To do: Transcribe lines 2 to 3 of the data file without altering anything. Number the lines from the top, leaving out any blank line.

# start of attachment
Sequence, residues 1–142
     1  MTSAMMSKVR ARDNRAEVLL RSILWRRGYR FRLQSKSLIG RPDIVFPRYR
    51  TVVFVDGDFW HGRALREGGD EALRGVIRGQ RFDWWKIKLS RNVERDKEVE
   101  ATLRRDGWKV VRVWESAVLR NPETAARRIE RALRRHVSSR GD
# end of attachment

     1  MTSAMMSKVR ARDNRAEVLL RSILWRRGYR FRLQSKSLIG RPDIVFPRYR
    51  TVVFVDGDFW HGRALREGGD EALRGVIRGQ RFDWWKIKLS RNVERDKEVE